Out of Our Closet, which she started two years ago, is a way to give women the permission they won't give themselves. She's refusing to let them disappear.
More women over age 50 live in America today than at any other point in history, according to the United States Census Bureau. In a recent interview, Susan Douglas, author of the forthcoming book Older Woman Rising, calls this a "demographic revolution." Political superstars like Nancy Pelosi and Ruth Bader Ginsburg, or fashion icon Iris Apfel, continually make headlines for defying norms. Yet outdated notions persist.
"Age is a motherf---er, especially for women. Older men become 'sexy,' and older women become 'ugly,'" Rizzio says. "But it goes beyond the image thing. It's that sense of 'we are done, our purpose is done.'"
Rizzio modeling two of her typical ensembles in downtown Portland. | (Patrick Scott Bell/Courtesy Narratively)
Marquis is not done. She travels often and volunteers at local theaters or with the Cascade AIDS Project, where Rizzio was the volunteer manager until 2016. In 2013 Marquis was diagnosed with breast cancer, undergoing a painful mastectomy on her right breast. The prosthetic breast she'd occasionally wear reminded her of the radiation. The slivers of metal from the mammogram machine. The constant crying. She traded in the breast for baggy tops.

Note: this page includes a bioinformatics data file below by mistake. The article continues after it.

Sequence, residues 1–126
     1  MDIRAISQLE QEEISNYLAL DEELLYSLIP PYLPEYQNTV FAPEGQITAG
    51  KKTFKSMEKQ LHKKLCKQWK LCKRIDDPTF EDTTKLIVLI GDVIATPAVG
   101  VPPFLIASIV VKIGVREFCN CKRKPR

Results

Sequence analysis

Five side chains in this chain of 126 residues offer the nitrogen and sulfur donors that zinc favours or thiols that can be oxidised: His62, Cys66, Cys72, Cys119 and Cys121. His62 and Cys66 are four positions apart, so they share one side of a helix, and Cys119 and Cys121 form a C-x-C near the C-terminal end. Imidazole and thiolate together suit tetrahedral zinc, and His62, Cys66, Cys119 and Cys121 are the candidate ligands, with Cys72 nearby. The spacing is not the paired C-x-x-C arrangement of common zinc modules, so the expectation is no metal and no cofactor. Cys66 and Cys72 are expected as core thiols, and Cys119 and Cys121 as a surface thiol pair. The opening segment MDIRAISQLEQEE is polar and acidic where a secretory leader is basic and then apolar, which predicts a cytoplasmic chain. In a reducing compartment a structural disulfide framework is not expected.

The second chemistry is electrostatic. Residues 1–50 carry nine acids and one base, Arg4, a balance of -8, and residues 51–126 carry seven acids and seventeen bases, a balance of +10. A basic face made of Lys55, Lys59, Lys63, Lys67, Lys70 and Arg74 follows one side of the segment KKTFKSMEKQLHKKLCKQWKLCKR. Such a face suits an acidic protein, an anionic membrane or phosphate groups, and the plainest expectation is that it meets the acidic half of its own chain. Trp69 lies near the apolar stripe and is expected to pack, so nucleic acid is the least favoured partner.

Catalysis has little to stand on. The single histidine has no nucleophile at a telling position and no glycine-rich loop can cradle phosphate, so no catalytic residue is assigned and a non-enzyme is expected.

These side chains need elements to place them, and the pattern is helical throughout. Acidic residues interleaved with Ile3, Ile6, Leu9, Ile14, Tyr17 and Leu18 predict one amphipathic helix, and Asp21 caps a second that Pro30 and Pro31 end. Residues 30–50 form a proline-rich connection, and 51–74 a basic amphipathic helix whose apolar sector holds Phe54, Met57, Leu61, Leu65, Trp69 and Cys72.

Rizzio knows this about her and is careful. She pulls down the flap of her own corduroys a little. "You see this? This is a hysterectomy scar. Anything that rubs against it makes it really uncomfortable," she says. "You ever experience the scar tissue feeling on your breast?"
Marquis nods. "If my purse strap is in the wrong position, it hurts," she says. "I'll wear undershirts to make me feel better."
"That's great," Rizzio says. "If you're gonna wear something like that, though, you might consider camisoles with some design or bling."
For Rizzio, going bolder is how older women can remain visible. To test this, she experimented at the grocery store last year. First, she went wearing jeans, a turtleneck and a black coat. Nobody glanced at her. Then she upscaled everything. Put on a black Russian hat and one of her eight vintage leopard-print coats (she believes everyone should have "puss print") and went back to shop for broccoli. Countless people commented on her outfit.
She remembers thinking, "Okay, I'm not disappearing."